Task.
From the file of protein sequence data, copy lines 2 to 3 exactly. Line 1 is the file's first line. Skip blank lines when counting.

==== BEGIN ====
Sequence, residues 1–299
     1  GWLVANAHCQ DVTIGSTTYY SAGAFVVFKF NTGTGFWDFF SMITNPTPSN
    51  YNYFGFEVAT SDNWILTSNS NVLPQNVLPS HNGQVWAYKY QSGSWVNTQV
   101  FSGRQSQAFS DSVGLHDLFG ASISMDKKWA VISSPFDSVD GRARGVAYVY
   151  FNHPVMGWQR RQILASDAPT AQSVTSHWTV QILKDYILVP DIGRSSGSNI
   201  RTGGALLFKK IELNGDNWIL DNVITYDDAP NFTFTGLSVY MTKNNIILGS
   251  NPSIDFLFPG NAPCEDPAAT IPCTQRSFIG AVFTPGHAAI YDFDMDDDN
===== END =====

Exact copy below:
     1  GWLVANAHCQ DVTIGSTTYY SAGAFVVFKF NTGTGFWDFF SMITNPTPSN
    51  YNYFGFEVAT SDNWILTSNS NVLPQNVLPS HNGQVWAYKY QSGSWVNTQV